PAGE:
Michael Cohen’s tell-all about Trump is mostly about himself
The moral lessons of his humiliation and imprisonment seem fairly limited.
Reading Michael Cohen’s new book is like serving on jury duty. You don’t really want to do it, so you keep reminding yourself that you’re fulfilling a civic obligation. As you wade through the intricate facts of the case, struggling to decide which version of events to believe, you keep thinking about how much you dislike the lawyer. You wonder if you can trust anything he says. Then he turns to the jury box, looks you in the eye, and says:
You will no doubt ask yourself if you like me, or if you would act if I did, and the answer will frequently be no to both of those questions. But permit me to make a point: If you only read stories written by people you like, you will never be able to understand Donald Trump or the current state of the American soul.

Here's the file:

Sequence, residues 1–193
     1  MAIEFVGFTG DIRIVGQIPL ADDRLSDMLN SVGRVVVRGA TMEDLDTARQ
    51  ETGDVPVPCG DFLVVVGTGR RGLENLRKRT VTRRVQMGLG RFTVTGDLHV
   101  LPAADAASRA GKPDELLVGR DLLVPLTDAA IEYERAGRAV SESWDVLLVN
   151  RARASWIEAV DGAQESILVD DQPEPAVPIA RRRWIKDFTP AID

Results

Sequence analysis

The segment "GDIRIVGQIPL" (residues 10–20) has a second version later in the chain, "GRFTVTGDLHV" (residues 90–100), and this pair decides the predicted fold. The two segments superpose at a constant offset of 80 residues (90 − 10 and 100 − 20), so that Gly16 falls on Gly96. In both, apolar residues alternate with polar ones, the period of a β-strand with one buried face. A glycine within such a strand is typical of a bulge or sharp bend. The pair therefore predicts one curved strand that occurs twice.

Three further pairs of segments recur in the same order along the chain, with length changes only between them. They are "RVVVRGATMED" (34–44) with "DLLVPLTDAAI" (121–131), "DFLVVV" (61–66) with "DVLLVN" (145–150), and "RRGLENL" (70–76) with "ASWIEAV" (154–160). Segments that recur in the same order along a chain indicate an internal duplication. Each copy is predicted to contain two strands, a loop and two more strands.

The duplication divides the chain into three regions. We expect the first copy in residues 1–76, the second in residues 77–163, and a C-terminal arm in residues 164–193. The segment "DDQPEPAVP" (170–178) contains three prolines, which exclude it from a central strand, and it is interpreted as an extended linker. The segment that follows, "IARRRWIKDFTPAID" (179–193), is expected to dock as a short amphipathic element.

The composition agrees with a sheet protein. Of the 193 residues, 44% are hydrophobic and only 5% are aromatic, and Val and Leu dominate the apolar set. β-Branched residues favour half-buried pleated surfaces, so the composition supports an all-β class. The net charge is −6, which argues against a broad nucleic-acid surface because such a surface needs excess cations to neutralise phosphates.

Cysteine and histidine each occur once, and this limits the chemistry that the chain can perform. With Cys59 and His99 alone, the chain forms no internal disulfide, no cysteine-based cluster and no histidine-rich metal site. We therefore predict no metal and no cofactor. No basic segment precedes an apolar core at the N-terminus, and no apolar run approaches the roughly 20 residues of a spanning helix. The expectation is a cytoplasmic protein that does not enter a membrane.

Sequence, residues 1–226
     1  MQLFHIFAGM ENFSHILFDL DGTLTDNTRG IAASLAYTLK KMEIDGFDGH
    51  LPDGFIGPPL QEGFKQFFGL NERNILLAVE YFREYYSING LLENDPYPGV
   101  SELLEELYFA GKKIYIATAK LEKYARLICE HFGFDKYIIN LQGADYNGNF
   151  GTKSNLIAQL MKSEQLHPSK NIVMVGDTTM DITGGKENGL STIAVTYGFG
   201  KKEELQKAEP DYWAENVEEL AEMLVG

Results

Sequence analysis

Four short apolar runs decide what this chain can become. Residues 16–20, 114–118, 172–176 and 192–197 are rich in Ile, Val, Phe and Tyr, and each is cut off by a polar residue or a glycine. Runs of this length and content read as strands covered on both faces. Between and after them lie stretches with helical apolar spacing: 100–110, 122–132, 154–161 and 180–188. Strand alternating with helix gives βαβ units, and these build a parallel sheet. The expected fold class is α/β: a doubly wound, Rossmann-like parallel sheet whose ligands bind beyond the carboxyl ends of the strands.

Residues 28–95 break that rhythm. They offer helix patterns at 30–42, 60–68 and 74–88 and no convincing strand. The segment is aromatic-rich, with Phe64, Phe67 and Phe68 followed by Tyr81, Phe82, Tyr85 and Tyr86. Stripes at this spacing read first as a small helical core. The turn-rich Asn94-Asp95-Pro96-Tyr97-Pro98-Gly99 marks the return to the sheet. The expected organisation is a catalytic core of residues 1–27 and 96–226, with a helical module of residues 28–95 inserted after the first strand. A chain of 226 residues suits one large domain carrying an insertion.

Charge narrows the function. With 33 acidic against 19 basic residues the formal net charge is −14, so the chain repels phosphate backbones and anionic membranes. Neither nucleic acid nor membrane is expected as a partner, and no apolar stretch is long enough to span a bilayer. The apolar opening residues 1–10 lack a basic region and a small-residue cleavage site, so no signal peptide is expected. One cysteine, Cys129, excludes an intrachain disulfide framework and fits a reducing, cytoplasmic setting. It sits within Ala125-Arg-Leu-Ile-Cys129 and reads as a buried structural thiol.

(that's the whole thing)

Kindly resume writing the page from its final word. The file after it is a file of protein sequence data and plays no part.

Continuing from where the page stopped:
That’s a good point, you tell yourself, and then you tune in for more details about outrageously selfish people doing unconscionable things to gain power and wealth.